Winnipeg Jets: Three Offseason Cost-Saving Measures

Winnipeg Jets, Bryan Little #18 (Photo by Dilip Vishwanat/Getty Images)
Winnipeg Jets, Bryan Little #18 (Photo by Dilip Vishwanat/Getty Images) /
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Winnipeg Jets
WINNIPEG, MB – APRIL 12: Head Coach Paul Maurice of the Winnipeg Jets answers questions during the post-game press conference following a 4-3 loss against the St. Louis Blues in Game Two of the Western Conference First Round during the 2019 NHL Stanley Cup Playoffs at the Bell MTS Place on April 12, 2019 in Winnipeg, Manitoba, Canada. The Blues lead the series 2-0. (Photo by Jonathan Kozub/NHLI via Getty Images) /

Everyone knows that cap space can be a good NHL team’s biggest concern. After all, it was introduced to help ensure parity throughout the league. The Winnipeg Jets are no different.

The Winnipeg Jets need to use their cap space wisely.  More than just spending intelligently, they’ll need to shed money when it makes sense to do so.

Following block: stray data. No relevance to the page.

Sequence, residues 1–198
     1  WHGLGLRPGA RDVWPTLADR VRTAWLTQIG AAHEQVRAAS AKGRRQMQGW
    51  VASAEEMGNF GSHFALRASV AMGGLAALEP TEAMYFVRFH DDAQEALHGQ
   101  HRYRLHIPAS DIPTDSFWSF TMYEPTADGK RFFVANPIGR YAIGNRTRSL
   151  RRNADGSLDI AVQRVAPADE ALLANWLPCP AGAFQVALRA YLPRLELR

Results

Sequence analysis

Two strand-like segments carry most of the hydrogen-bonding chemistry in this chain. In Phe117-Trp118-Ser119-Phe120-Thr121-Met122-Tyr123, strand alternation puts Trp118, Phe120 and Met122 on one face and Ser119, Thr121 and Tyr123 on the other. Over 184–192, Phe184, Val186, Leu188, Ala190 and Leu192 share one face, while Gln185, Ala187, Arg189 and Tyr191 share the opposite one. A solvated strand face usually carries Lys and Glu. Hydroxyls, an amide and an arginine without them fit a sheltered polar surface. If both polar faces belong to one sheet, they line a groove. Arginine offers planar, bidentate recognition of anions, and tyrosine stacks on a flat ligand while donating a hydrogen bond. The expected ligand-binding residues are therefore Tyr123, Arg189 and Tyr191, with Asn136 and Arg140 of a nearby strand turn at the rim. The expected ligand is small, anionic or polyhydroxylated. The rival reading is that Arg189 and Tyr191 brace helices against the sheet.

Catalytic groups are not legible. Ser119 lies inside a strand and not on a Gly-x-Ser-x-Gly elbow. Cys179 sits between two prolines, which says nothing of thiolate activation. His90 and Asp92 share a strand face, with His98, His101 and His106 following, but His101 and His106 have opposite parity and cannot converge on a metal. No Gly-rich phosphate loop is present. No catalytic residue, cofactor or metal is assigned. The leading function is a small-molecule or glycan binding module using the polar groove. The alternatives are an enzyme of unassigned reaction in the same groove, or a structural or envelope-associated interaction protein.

Smart free agent signings, deft trades and bold moves of all kinds are going to be required if the Jets want to remain as relevant as possible for as long as humanly possible.

Let’s not beat around the bush here, this past season was disappointing. I get it, injuries happen. The team just never played up to what we thought they were capable of, though.

It made you wonder if 2017-2018 was a fluke and the Jets won’t reach those highs again, or if this year was just a blip and a tough go. Sometimes it happens. The Washington Capitals weren’t good in 2013-2014 but around that year they’ve been one of the dominant forces of the NHL.

Maybe a coaching change is needed, maybe not. But one thing we do know, the Jets will be fighting the cap as long as they’re good. Perhaps even after (looking at you, Chicago).

They’ve already started doing so, honestly. The Jets traded Steve Mason to clear space. Well, also because they signed him to be the starter and he lost the job almost immediately and was awful and injured all year.

They also shipped off Joel Armia, thinking one of the youngsters could fill in a bottom six role just as admirably. None of the kids the Jets brought up managed to really seize a spot, though Jack Roslovic stayed in the lineup nearly all year and flashed enough to have some hope for him in the future.

But we know the Jets need to make some cost-saving moves, so we’ll go over a few possibilities.